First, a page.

Reducing the risk of childhood obesity
Melissa Galea Holmes, MSc, MA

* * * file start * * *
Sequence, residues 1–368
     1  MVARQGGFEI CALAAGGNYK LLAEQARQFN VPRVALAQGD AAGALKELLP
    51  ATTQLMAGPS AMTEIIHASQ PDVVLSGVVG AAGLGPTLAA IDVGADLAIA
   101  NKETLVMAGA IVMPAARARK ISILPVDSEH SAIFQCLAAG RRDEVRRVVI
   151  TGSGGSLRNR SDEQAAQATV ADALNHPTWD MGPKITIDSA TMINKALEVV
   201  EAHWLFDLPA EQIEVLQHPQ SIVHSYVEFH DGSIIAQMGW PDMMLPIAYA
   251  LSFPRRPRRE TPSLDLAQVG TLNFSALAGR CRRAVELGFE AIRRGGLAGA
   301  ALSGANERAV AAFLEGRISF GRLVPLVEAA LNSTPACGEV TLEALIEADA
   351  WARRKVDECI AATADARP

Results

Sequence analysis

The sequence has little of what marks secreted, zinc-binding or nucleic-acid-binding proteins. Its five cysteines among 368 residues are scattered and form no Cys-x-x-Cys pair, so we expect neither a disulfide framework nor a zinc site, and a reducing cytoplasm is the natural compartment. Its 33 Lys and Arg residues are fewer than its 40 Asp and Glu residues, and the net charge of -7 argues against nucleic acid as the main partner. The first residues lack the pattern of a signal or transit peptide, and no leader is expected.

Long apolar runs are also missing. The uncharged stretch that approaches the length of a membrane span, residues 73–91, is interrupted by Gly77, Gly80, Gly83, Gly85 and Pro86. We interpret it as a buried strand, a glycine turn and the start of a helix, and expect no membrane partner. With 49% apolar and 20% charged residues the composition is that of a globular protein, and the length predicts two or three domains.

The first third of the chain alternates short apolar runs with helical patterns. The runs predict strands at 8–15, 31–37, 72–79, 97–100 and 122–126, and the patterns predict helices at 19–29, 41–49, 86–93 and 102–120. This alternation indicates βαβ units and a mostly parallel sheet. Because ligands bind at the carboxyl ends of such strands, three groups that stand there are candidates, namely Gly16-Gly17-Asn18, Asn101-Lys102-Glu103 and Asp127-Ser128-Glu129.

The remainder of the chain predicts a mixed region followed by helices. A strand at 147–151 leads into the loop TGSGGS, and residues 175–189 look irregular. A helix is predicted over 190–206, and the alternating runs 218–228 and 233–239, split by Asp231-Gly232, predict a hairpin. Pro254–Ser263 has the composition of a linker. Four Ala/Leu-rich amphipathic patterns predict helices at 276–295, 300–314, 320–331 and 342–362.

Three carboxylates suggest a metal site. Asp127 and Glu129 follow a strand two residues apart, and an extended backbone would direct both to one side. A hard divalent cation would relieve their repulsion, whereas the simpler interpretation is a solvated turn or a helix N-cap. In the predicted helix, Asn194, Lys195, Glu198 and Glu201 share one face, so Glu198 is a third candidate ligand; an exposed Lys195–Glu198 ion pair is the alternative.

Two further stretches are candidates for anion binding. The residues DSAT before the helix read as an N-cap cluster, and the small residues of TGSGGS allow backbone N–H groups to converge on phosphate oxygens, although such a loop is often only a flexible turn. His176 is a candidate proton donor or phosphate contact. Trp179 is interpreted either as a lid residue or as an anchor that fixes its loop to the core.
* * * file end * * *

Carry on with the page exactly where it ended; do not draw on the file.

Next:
Back to school is a great time to combat childhood obesity. Exercise, good nutrition, and a back-up vitamin plan help kids embrace a healthy, active lifestyle.